“Her I’ll believe,” he said, finally relaxing a bit. “But all Afghans are liars.”


In the end, we did not buy his krut. It had too much anger in it.


Tourism would seem to be Bamian’s ticket out of backwardness and poverty, but much remains to be done before any but the hardiest visitors will venture into the beautiful mountain valley.


Hotels are pretty basic and much too expensive: 40 US dollars a night buys a room little better than a prison cell, although to be fair, you do get an en suite bathroom. Of course, it has no hot water, and periodically runs out of cold water as well.


Restaurants here are not for the fainthearted. Our first stop in town was a café where my travelling companion and I ordered kabob and meat korma. The food came covered thickly in flies, and I wondered uneasily whether our next stop would be the hospital.


There are some timid signs of progress, however. The Roshan mobile phone network works here and there is an internet café for the few people who need to be connected. It is expensive, though – 60 afghani (1.20 dollars) for an hour online. Those are Kabul rates, but the population here does not have Kabul salaries. In fact, most of them have no salaries at all, unless they manage to scrape a living clearing debris out of the Buddha niches or working with one of the non-governmental organisations in town.


The area seems at least fortunate in its governor. Habiba Sorabi is the first woman to head a province in Afghanistan and the reviews are enthusiastic.


“Her heart hurts for her province,” said one parliamentary candidate. “She has a master plan, and wants to do good things for Bamian.”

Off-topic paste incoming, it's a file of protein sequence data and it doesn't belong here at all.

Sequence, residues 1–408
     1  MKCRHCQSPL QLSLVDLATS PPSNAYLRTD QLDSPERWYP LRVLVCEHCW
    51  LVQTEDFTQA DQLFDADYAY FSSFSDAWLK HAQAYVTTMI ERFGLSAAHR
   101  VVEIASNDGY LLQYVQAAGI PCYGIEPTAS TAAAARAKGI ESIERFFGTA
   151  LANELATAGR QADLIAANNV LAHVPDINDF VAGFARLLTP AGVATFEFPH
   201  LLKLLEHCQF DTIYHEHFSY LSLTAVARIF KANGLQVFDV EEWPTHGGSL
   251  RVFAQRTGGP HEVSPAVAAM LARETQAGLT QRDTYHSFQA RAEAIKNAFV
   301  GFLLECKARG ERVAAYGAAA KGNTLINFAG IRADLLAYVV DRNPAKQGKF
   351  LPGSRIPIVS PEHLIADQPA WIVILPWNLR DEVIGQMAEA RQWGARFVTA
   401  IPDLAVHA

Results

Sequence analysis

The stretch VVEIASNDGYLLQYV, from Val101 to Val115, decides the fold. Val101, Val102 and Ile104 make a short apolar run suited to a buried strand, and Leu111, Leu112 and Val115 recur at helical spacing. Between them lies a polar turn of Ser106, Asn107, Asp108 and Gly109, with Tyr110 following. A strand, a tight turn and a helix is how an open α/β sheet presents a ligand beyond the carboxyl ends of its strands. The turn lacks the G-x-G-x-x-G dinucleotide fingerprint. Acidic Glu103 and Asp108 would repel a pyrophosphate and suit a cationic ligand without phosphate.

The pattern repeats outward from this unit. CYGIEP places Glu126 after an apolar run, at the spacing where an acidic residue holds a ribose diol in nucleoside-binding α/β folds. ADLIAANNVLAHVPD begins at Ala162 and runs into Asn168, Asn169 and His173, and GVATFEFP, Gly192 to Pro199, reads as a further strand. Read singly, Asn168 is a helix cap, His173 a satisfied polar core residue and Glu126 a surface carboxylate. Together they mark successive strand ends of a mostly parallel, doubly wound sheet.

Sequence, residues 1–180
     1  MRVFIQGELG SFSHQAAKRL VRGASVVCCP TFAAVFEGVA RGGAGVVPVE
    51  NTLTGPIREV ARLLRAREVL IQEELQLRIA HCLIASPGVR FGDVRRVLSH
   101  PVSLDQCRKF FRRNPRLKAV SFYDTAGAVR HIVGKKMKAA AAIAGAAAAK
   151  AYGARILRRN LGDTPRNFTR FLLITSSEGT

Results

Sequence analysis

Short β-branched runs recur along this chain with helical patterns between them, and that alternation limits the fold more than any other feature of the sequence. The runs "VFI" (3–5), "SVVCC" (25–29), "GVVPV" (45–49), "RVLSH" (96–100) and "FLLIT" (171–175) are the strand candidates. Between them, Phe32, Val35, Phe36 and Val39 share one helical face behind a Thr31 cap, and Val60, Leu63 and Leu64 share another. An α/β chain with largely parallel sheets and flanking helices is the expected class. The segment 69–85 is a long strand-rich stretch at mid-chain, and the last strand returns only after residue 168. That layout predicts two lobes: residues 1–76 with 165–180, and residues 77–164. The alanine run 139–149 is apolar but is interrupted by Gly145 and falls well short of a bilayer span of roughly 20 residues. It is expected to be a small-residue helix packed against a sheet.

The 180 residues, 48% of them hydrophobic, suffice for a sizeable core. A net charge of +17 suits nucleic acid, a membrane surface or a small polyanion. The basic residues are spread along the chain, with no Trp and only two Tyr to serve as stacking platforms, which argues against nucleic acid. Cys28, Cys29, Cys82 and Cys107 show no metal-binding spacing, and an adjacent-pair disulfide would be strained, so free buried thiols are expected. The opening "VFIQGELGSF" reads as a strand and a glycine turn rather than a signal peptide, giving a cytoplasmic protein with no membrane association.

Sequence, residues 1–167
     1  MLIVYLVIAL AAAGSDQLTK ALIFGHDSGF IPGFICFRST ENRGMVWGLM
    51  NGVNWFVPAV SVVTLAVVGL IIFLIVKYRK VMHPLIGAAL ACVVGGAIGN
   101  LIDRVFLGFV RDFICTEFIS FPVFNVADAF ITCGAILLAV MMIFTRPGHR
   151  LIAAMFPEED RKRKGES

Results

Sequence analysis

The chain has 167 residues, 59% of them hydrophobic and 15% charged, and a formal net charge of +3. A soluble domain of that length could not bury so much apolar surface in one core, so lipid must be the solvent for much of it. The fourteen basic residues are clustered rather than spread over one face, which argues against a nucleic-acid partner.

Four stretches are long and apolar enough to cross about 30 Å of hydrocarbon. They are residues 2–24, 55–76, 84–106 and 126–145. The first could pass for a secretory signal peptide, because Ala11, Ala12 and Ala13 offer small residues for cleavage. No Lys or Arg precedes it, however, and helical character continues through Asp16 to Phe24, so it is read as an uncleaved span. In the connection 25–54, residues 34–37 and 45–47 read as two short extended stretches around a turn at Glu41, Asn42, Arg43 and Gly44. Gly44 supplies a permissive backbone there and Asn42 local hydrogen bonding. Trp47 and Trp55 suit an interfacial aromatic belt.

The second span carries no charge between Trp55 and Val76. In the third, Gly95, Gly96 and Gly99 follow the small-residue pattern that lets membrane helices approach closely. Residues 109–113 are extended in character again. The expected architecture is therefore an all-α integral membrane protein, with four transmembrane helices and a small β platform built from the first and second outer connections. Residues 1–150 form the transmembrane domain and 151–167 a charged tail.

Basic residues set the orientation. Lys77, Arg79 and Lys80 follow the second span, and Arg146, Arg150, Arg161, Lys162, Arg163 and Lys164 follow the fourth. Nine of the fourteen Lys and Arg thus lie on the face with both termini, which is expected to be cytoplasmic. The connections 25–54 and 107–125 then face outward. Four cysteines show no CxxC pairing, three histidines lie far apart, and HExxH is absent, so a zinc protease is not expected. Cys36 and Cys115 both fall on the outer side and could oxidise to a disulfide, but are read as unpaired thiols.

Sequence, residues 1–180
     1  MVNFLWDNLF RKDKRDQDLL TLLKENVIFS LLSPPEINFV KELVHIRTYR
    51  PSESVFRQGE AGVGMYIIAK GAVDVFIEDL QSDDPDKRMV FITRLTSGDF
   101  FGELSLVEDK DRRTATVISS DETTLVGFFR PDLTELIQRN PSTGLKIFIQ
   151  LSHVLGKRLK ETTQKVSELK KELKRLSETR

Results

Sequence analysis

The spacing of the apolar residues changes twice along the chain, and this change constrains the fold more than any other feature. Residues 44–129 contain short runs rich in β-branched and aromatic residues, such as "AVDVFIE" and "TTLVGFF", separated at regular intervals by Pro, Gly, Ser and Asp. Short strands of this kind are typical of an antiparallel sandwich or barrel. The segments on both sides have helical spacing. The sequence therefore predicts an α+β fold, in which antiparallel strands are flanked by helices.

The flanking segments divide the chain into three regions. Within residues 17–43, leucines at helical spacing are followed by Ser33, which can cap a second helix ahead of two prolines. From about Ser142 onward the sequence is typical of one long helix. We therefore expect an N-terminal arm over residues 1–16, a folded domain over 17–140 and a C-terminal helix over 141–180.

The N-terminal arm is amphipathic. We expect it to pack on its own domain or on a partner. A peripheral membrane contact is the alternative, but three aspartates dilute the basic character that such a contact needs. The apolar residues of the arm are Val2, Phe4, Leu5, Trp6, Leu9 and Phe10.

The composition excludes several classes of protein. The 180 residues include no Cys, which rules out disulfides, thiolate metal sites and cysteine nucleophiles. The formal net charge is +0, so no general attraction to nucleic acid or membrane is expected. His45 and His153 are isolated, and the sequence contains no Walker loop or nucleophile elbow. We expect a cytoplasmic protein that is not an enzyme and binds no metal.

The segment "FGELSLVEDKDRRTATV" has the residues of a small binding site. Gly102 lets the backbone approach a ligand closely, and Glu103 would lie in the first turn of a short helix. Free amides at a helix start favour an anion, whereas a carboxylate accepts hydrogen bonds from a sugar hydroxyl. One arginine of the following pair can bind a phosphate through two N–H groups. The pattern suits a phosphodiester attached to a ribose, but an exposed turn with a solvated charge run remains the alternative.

The strong-willed governor has had a beneficial effect on the province’s women, as well.


“Since Habiba Sorabi came back as governor, women here feel more active, more able to join the community,” said Amina Hassanpour, health officer at the provincial department for women’s affairs.


The governor stands in stark contrast to what residents say is the central government’s neglect. They grumble that they get nothing from Kabul except broken promises. Almost four years into the regime of President Hamed Karzai, they still have no paved roads anywhere in Bamian, no electricity, and little in the way of healthcare.


It seems quite strange to me that people in my country should live like this.


But Bamian’s young people seem determined to edge their way out of poverty and into the bigger world. As we were coming back from a trek to Shahr-e-Zuhak, the red stone ruins of a once-great city, a group of children approached us, begging. They did not ask for candy, or chewing gum, or even money: They asked if we had pens or pencils, so they could use them at school.


What is going to happen in Bamian? The big question is, again, about the Buddhas. Will they be rebuilt? I think they will. They will attract tourists, and maybe the province will get some money out of it.


There is a lot of talk of a third, still hidden Buddha – a sleeping giant. Everyone claims to have found him. We saw people working, but there is nothing to see, just people chipping away where they think the Buddha might lie. Perhaps it’s just wishful thinking - to replace what was lost.


But my view is that they should not rebuild the Buddhas. We should leave them as they are. It is painful to look at, but it is genuine. The emptiness is truer than any reconstruction could be. We should look into that emptiness – and remember.


Wahidullah Amani is an IWPR staff writer in Kabul.